This one isn't actually off the "Bonesbreaks" series but those records (and all early Frankie Bones tracks) were incredibly influential and are still massively fun to listen to and play. In his RA podcast, Frankie talks about how with a lot of the early records they were making in NYC, they would jack whole drum parts from other songs, throw them under different samples or instruments and cut them the next day. I love this appropriative attitude.

6) DJ Shadow - "The Number Song"

This album [Endtroducing…..] had me falling in love with breaks half a decade before I knew anything about house music. For a long time trip hop was aggressively uncool-- then more recently very hip. Ignoring all that, the album is brilliant with some of the most insane processing of breaks ever done.

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7) Lost - "The Gonzo"

This is an instantly recognizable warehouse track by Nigel Fairman and Steve Bicknell. Trust me, even if you've never heard of it, you will know once you hear it. It has the kind of crispy breaks that make you envious as a producer. I don't know anything about Fairmen but Bicknell would go on to put out some of the best warehouse tracks ever in his "Lost Recordings" series on cosmic records.

8) Elite Gymnastics - "So Close To Paradise"

Elite Gymnastics are supremely underrated and overlooked when talking about the new crop of people using breakbeats. This track is distant and overdriven but with pristine breaks cutting through. This whole EP is incredible and to this day whenever I play a track from it people bum rush me to get a track ID.

9) Thomas Bangalter - "What To Do"

If I had to guess, this is the track I've DJ'd the most in my life. Not sure there's been a single gig that I haven't brought it out. It's just so fun and crunchy. Stuttering, updated chicago house techniques as appropriated by the French and in turn applied to a massive breakbeat.

10) Innerzone Orchestra - "Bug In The Bass Bin"

10+ minutes of Carl Craig playing screaming psychedelic synths over a banging jazzy break = the perfect song. Hugely influential track for a lot of people, myself included, though I didn't hear it till a good 15 years after it came out.

11) WK7 - "Higher Power (Hardcore PCK mix)"

Credit is definitely due to René Pawlowitz aka Shed aka Head High aka wk7 aka Zigg Gonzales who has been putting out consistently incredible breakbeat tracks on his Power House label. The tracks are deceptively simple and push soundsystems in just the right ways. If you listen to interviews with pawlowitz, he talks about how he doesn't try to find new sounds, that the music he makes could easily have come out in 1995. I think a lot of people working with breakbeats feel this way-- the music is immediately reminiscent of another time. you can keep trying to push those sounds but there is a good chance that any new development you think you came up was already done 20 years ago.

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12) Rod Lee - Dance My Pain Away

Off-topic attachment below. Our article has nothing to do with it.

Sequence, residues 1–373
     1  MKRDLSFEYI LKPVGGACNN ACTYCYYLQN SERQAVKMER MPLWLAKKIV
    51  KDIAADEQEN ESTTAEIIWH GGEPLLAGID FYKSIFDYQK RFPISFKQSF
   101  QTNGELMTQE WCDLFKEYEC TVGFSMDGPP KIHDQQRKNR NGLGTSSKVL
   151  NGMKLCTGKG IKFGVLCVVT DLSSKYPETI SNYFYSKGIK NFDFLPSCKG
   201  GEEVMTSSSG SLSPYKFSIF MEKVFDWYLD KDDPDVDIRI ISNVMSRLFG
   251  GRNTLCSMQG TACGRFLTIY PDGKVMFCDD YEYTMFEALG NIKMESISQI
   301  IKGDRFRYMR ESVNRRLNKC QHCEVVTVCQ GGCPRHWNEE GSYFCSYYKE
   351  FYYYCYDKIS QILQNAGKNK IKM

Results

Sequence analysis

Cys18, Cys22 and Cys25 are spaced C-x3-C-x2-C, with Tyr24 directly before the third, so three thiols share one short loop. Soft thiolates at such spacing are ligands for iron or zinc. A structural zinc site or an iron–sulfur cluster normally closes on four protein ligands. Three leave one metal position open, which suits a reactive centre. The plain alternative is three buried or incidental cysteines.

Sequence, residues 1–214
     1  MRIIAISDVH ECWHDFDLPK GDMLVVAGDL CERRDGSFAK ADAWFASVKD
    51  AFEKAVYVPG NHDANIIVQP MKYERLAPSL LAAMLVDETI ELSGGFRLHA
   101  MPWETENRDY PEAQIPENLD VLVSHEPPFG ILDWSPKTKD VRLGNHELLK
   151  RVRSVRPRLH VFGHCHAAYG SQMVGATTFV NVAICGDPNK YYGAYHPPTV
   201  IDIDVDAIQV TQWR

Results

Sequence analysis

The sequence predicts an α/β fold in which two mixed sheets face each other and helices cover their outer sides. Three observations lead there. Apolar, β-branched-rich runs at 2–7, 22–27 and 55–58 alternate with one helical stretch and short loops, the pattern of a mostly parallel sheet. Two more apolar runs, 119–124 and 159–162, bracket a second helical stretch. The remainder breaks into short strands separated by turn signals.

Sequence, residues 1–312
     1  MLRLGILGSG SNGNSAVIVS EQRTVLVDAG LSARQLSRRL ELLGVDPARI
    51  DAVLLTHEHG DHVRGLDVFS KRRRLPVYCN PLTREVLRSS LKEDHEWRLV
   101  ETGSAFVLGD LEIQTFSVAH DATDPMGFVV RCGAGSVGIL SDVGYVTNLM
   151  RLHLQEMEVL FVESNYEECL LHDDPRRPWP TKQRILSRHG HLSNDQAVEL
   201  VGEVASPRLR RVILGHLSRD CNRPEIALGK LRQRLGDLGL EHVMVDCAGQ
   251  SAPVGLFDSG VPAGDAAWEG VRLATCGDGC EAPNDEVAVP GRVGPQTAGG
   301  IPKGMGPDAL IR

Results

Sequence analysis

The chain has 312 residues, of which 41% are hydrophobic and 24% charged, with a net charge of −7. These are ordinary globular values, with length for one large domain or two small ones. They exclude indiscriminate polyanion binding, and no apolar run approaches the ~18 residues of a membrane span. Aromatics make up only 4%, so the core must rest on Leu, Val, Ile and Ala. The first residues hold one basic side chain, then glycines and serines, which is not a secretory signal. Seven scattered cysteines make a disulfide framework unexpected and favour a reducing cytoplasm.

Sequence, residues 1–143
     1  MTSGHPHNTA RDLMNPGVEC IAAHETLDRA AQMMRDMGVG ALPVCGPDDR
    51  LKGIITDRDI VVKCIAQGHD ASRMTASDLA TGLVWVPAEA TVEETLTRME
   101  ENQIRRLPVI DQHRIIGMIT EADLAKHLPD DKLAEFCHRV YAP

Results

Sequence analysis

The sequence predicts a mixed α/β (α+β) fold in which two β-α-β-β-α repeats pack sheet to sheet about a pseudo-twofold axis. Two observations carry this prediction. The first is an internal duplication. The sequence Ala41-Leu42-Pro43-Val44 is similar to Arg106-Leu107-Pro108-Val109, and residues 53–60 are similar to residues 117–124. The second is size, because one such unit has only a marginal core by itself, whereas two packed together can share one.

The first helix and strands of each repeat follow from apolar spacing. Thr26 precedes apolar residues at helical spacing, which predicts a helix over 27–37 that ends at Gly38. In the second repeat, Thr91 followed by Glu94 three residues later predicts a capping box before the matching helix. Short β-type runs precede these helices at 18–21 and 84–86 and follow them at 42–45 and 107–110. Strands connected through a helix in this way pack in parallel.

Can't avoid talking about Baltimore when discussing breakbeats. They just found such an effective and infectious way of using them there. Those racks have had a huge influence on what I think of as the perfect club track.

13) DJ Sotofett Presents Bhakti Crew - "Sunrise Mix"

So many cool breakbeat tracks coming out of the Sex Tags UFO camp. This track by Sotofett is pure joy on top of some very crispy breaks.

14) Land of the Loops - Cruising Around In A Sentient Land

This is off an incredible album [Bundle Of Joy] by Land Of The Loops-- it defies genre categorization, living somewhere in between twee and trip hop. His ear for off-kilter sampling and breakbeats is amazing. Breakbeat is used here in the same way that it's used in dance music but to completely different effect-- it's a shortcut to strange little indie pop ditties, but made by one guy with a sampler instead of a group of people who purposely play their instruments poorly.

15) Real 2 Reel ft. Mad Stuntman - I Am The Mad Stuntman

There is so much amazing house and reggae that came out on Strictly Rhythm, Nervous Records, and their various sub-labels. Reel 2 Reel aka Eric Morillo is probably best known for "Move It" which is firmly engrained into everyone on the planet's brain. Highly recommend digging through these labels' back-catalogs for amazing break filled tracks outside of the house music they are best known for.

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16) Future Sound of London - Papau New Guinea

Best to end it on a classic. Every time I listen to this track to this day I'm left speechless, so I'm not going to spill anymore ink on it.

+ 50 bonus breaks; everything collected here in a playlist as well as listed out below:

Plump Djs - "Scram"

A Guy Called Gerald - "The Nile"

Dust Brothers - Chemical Beats

Snooze - Anaïs Nin's Plot

Alex Coulton - Break Pressure

DJ Fett Burger & Luca Lozano - Electric Blue

Lionrock - Packet of Peace (Chemical Brothers Remix)

Rhythm On The Loose - Break of Dawn

The Prodigy - Out Of Space (Celestial Bodies Mix)

The Farm - Stepping Stone (Ghost Dance mix)

Tessela - Hackney Parrot

SL2 - On A Ragga Tip

Aaron Spectre - You Don't Know

Turntable Terror - Break (Techno Mix)

Prodigy - Rat Poison

Neneh Cherry - Manchile (Old School Mix)

Ecology - Untitled (b2)

Stenny - Caveberg

Inner City - Ahnonghay (Dave Clarke Remix)

The Crystal Method - Name of the Game

Dresvn - Untitled (DJ Sotofett's Acido-Inna-Jungle-Mix)

Mantronix - King Of The Breaks

Marco Zaffarano - The Band (Way Out West remix)

Mystery Productions Inc. - Tainted Cash

Answer Code Request - Thermal Capacity

Nifty - Nifty

Laidback Luke - The Engine

Des'ree - You Gotta Be

Rachel Wallace - Tell Me Why (M&M Full Vocal Mix)

Detroit Grand Pubahs - Club Sandwiches (Killa Productions '91 Revival Remix)

Audio Assault - The Experiment

DBridge - For Tonight

Earth People - Dance

The Source ft. Candi Staton - You Got The Love (Now Voyager Mix)

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Renaissance Man - UFO (Who R U?)

Max D - Chewy

Lenny Dee Ice - We Are IE

Ub40 ft. 808 State - One In Ten (Common Census Mix)

Renegade Soundwave - Thunder

Funk 198 - It Takes One

DJ Krush - Slow Chase

Dave Clark - No One's Driving (Chemical Brothers Mix)

Anthony "Shake" Shakir - Detroit State of Mind

Efdemin - Parallaxis (Traumprinz' Over 2 The End Remix)

Subculture - Cult Drums

The Ragga Twins - Hooligan

Special Request - Broken Dreams

Cuba Gooding vs. Altern 8 - Happiness is Around the Bend

Reel 2 Reel ft. The Mad Stunt Man - Toety

DJ Technics - Mr. Postman